The employment solicitors at Wilford Smith have a proven track record when it comes to defending employers following accusations of sex discrimination. With experience handling a comprehensive range of discrimination claims and unrivalled attention to detail, our solicitors are expertly placed to provide you with strategic client-focused representation.
Our lawyers will work tirelessly on your behalf to ensure matters are resolved quickly and straightforwardly, avoiding any damage to your reputation and that of your business. Get in touch today to find out how we can help.
What is sex discrimination?
In the context of employment law, sex discrimination occurs when an employer discriminates against a worker – male or female – based on their sex. Such behaviour is prohibited by the Equality Act 2010 which protects anyone in an employment situation from suffering sex discrimination, including employees, people contracted through an agency, those working freelance, people doing work experience and directors.
There are four main types of sex discrimination:
This is when an individual is treated less favourably because of their gender. An example could be when a male employee is promoted ahead of a female colleague, despite the female candidate having more experience and qualifications. This can also apply to prospective employees, for example, where a job advertisement that states that a position is only open to female applicants. If there is no substantial reason for this, it may be considered direct discrimination.
This is when a policy put in place by an employer, which applies to all workers, puts individual employees at a disadvantage based on their gender. Indirect discrimination can be justified if an employer can demonstrate that it is a proportionate means of achieving a legitimate aim.
Harassment or sexual harassment
Harassment is when an employer makes an employee feel humiliated, offended and/or degraded due to their sex. It can also occur when an employer treats an employee differently due to their unwillingness to tolerate the harassment or sexual harassment they receive.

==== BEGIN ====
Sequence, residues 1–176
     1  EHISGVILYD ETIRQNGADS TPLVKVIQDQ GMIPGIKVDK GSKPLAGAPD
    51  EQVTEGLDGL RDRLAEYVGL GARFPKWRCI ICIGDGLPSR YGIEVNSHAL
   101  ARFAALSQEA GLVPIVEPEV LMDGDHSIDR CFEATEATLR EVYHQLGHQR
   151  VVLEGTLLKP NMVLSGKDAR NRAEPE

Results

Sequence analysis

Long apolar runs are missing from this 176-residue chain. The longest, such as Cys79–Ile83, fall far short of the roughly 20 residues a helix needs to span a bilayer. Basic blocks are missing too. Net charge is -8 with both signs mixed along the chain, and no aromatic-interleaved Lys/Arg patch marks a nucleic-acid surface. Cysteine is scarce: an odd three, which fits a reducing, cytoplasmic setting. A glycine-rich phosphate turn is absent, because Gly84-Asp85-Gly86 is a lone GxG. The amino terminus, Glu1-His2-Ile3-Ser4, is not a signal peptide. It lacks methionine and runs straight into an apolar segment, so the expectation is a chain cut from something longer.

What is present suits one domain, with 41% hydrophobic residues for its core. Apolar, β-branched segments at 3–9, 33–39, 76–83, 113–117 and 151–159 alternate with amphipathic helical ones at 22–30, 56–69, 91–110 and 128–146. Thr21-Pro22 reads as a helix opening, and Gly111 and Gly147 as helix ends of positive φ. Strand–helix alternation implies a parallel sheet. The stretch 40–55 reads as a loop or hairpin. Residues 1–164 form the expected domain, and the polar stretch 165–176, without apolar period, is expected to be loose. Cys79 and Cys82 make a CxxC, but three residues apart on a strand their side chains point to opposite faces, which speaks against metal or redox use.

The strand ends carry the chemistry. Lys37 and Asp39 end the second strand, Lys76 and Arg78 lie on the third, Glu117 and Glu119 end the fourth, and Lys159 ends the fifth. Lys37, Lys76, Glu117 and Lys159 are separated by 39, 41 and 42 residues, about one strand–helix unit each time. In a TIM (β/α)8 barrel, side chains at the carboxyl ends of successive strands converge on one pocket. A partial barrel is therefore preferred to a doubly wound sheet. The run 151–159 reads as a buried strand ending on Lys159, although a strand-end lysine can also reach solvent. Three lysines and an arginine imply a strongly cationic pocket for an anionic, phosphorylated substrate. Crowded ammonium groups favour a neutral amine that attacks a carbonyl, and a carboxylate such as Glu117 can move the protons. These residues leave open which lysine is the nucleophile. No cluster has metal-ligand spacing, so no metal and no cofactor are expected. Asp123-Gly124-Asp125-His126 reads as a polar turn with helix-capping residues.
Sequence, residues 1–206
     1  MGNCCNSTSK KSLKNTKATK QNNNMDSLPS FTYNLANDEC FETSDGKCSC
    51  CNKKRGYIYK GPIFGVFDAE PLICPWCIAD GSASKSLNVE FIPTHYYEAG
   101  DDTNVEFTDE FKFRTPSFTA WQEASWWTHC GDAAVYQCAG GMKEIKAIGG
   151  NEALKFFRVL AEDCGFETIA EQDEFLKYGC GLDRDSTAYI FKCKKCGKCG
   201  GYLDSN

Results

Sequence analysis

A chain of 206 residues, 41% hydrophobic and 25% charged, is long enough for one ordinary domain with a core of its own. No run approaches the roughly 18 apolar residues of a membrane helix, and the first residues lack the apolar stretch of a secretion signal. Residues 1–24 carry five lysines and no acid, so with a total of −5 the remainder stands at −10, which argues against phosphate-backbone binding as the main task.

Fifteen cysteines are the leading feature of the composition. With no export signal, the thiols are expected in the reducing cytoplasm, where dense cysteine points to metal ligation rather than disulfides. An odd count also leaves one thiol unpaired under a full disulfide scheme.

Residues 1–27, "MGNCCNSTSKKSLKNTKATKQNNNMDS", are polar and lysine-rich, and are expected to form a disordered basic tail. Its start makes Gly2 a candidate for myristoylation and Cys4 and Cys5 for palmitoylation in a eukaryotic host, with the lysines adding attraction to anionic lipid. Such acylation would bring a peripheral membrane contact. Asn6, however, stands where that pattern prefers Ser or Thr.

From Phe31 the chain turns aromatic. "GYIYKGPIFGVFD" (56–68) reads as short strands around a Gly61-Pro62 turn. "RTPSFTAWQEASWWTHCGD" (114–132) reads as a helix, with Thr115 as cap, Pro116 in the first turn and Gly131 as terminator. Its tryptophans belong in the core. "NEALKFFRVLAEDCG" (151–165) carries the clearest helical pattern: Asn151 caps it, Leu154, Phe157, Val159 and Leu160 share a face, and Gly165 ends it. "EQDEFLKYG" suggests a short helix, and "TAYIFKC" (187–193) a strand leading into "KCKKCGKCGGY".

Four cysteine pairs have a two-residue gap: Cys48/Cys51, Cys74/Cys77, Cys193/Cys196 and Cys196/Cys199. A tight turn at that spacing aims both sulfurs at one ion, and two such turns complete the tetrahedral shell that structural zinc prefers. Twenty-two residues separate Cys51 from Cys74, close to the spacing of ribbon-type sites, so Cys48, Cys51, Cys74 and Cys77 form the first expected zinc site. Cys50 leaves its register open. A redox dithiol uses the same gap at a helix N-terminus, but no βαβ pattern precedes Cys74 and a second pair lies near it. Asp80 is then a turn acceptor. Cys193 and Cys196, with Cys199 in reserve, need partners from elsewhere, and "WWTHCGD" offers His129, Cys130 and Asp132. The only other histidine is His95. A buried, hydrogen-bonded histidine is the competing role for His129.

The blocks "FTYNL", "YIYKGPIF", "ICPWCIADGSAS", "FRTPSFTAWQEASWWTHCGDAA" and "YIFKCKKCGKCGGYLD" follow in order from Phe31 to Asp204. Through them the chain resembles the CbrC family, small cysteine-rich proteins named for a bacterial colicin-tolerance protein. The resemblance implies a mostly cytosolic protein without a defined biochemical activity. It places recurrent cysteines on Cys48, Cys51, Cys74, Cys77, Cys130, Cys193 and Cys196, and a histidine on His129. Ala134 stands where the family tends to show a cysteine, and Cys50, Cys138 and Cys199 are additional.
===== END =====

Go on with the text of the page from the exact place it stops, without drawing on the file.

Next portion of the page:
Sexual harassment is unwanted sexual conduct of a sexual nature or related in some way to sex that makes the workplace a humiliating, distressing or offensive environment for an employee.
Victimisation occurs when an employee is mistreated because they made a complaint regarding sex discrimination. This also covers situations where a worker has supported a colleague in their complaint, for example, by making a statement supporting another employee's claim for sex discrimination.
Who may be held accountable for unlawful sex discrimination?
Employers, service providers, associations and public bodies can all be held accountable if their employees’ conduct results in a claim for sex discrimination being made against the business or organisation.
Contact our Sex Discrimination Solicitors
Whatever the circumstances of your employee's sex discrimination claim, the employment lawyers at Wilford Smith can help. Our aim is always to avoid costly and drawn-out legal action wherever possible. If your case does go before an Employment Tribunal, our skills in advocacy and litigation mean our solicitors are best placed to conduct the most robust defence on your behalf. If you become aware of a potential sex discrimination claim, contact our employment team immediately.
Call us today on 01709 828 044 or complete our online contact form.